EFSA issues two opinions concerning the evaluation of BSE risk in the United Kingdom: BSE risk is moderate and comparable to that of other European Union Member States

The Scientific Panel on Biological Hazards (BIOHAZ) of the European Food Safety Authority (EFSA) has published today two opinions related to the evaluation of Bovine Spongiform Encephalopathy (BSE) risk in the United Kingdom (UK). The Panel concludes that the UK will reach the threshold that will enable it to be considered as a “moderate BSE risk”1 country, according to the definition of the World Organization for Animal Health (OIE), at a date no later than December 2004. The Panel also concluded that for UK cattle born after 31 July 1996 – a cattle population which already meets the OIE threshold for “moderate BSE risk” - the Over Thirty Months (OTM) rule can be replaced by the same protective measures presently adopted in Member States with an OIE “moderate BSE risk”. However, cattle born before 1 August 1996, which have a higher BSE incidence, should be kept out of the food and feed chains.

The European Commission requested a scientific opinion from the European Food Safety Authority (EFSA) and its Scientific Panel on Biological Hazards (BIOHAZ) regarding the application of the United Kingdom (UK) to be considered as a “moderate BSE risk” according to the standards of the World Organization for Animal Health (OIE ) and based on modelling assumptions and calculations submitted.

The BIOHAZ Panel concluded that the modelling methodology used to calculate the absolute incidence is statistically sound and that on the basis of appropriate statistical projections (ie at the upper 95% confidence level), the UK’s cattle population can be considered, based on OIE standards, as “moderate BSE risk” as from a date no later than December 2004. Already, the UK is clearly of OIE “moderate BSE risk” with respect to its cattle born after 31 July 1996.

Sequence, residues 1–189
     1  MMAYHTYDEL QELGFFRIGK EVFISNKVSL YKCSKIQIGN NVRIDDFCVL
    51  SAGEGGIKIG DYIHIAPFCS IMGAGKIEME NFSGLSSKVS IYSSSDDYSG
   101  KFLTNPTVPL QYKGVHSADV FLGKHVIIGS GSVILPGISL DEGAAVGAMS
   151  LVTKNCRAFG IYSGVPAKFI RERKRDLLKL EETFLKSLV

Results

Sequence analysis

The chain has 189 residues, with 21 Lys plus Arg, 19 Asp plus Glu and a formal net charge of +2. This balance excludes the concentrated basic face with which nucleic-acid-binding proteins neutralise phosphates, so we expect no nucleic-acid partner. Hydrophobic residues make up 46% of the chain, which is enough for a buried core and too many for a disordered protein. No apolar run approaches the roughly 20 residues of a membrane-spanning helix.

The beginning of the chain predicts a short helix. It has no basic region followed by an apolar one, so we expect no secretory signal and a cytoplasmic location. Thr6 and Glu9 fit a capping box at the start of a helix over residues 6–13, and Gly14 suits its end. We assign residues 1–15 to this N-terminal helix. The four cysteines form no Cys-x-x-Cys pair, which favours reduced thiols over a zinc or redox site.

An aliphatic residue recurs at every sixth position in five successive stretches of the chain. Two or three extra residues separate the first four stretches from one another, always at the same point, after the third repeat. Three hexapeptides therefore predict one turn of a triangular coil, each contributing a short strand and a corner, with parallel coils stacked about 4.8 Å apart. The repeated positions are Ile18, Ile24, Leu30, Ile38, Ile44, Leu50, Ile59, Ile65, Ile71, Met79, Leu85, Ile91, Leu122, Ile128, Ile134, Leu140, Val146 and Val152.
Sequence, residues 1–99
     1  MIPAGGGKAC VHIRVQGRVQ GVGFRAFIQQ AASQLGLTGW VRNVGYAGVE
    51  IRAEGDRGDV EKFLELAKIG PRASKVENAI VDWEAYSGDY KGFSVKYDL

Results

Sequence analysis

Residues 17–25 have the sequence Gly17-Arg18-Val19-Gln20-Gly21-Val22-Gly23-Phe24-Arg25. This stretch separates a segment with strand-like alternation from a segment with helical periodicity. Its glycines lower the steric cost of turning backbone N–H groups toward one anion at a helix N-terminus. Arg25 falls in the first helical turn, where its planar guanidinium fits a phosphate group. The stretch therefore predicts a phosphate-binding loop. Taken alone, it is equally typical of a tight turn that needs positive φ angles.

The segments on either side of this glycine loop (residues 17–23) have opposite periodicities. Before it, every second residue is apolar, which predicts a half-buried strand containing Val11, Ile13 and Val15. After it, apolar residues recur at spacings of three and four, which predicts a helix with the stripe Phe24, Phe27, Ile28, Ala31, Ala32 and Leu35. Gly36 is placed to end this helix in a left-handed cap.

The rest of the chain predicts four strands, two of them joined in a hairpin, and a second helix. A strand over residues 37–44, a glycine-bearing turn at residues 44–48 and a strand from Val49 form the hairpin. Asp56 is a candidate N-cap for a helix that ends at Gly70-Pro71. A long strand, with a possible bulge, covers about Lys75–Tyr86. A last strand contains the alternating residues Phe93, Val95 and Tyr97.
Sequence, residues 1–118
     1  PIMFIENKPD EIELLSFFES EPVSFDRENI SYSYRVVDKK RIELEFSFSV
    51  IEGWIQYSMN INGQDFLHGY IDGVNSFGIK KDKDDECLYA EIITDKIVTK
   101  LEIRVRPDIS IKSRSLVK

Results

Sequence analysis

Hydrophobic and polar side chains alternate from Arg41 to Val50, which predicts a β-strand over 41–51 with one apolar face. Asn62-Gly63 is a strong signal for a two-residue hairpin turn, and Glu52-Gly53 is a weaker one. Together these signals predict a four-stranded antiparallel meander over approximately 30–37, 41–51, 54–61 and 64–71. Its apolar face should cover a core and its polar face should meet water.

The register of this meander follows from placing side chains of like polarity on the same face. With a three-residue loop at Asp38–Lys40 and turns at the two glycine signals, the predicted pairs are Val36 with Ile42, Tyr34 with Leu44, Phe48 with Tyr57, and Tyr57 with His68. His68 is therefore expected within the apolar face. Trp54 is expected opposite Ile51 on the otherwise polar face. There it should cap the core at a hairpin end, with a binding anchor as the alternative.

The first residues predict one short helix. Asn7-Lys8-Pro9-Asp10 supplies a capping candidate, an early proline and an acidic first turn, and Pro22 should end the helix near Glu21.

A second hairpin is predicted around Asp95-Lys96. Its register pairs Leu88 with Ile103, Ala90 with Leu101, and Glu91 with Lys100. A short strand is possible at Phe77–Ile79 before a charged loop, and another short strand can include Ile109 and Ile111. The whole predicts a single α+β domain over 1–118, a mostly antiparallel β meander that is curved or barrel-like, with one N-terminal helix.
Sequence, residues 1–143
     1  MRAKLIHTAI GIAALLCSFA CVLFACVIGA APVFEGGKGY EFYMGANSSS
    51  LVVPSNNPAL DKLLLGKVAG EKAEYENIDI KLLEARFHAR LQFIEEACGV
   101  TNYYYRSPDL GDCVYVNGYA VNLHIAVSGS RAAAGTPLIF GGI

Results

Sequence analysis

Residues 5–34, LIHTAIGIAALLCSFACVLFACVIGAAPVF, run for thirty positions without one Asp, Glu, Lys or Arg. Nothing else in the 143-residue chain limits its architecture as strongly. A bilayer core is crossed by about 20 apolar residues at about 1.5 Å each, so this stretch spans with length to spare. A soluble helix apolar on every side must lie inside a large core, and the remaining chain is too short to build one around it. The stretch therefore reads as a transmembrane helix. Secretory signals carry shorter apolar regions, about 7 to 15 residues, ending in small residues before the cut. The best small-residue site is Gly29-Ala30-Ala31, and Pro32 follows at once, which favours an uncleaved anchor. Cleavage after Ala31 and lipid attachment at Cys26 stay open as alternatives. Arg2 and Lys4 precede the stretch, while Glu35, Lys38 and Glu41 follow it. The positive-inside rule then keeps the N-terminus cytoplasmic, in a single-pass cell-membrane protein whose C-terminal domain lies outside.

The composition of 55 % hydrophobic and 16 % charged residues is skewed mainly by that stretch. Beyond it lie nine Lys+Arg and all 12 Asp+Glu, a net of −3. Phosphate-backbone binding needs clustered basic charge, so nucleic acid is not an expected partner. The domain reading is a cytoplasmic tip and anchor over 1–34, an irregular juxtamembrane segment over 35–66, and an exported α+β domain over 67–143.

The BIOHAZ Panel was further asked to consider the science relating to the proposed amendments to the UK Date Based Export Scheme (DBES) and the Over Thirty Months (OTM) rule. In particular the European Commission asked the panel to estimate, with regards to BSE, the extra risk to human health which would occur if the UK Date Based Export Scheme (DBES) were amended to: (a) remove the upper age limit (30 months) for eligible cattle; (b) remove the dam survival rule (i.e. requirement that the dam has lived for 6 months after the birth of the eligible animal) and; (c) remove the lower age limit (6 months) for eligible cattle.

Based on the statistical modelling carried out as part of the review of the OTM rule in the UK, as well as the most up-to-date scientific evidence regarding the possibility of maternal transmission of BSE, the BIOHAZ panel concluded that the removal of the OTM rule would result in a higher probability of BSE-infected animals entering the food and feed chains. However, the panel advised that this risk would be addressed by the EU measures required for countries of equivalent BSE status. In order not to increase risk of BSE, all cattle born before 1 August 1996 should be kept out of the food and feed chains due to the higher incidence of BSE in this population. For cattle born after 31 July 1996, the OTM can be replaced by the same protective measures presently adopted in Member States having an OIE “moderate BSE risk”. The removal of both the dam survival rule and the lower age limit (6 months) for eligible cattle will not add any further increase in the risk of BSE for human health. Under the above mentioned conditions, the consumer risk in relation to UK cattle is in a comparable range with the BSE risk to which European Union (EU) consumers are currently exposed by consumption of bovine meat, meat products and preparations from other EU sources.

The Panel further advised that if the OTM rule is to be removed, it is of high importance for epidemiological reasons that it be replaced by a comprehensive testing program identical to that existing in other EU Member States.

Media contacts